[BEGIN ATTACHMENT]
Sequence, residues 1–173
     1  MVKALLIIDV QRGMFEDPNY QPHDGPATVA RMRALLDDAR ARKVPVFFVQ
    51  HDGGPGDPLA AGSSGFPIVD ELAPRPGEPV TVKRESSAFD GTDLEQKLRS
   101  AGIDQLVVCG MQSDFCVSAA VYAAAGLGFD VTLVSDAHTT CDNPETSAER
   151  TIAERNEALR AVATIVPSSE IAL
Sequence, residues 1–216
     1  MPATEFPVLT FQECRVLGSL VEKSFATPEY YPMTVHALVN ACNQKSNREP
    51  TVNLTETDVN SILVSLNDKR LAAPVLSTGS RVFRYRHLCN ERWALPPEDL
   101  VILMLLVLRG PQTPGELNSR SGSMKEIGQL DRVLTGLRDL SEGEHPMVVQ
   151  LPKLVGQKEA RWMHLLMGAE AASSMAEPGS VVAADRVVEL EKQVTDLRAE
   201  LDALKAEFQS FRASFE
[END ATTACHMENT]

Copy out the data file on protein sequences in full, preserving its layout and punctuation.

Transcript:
Sequence, residues 1–173
     1  MVKALLIIDV QRGMFEDPNY QPHDGPATVA RMRALLDDAR ARKVPVFFVQ
    51  HDGGPGDPLA AGSSGFPIVD ELAPRPGEPV TVKRESSAFD GTDLEQKLRS
   101  AGIDQLVVCG MQSDFCVSAA VYAAAGLGFD VTLVSDAHTT CDNPETSAER
   151  TIAERNEALR AVATIVPSSE IAL
Sequence, residues 1–216
     1  MPATEFPVLT FQECRVLGSL VEKSFATPEY YPMTVHALVN ACNQKSNREP
    51  TVNLTETDVN SILVSLNDKR LAAPVLSTGS RVFRYRHLCN ERWALPPEDL
   101  VILMLLVLRG PQTPGELNSR SGSMKEIGQL DRVLTGLRDL SEGEHPMVVQ
   151  LPKLVGQKEA RWMHLLMGAE AASSMAEPGS VVAADRVVEL EKQVTDLRAE
   201  LDALKAEFQS FRASFE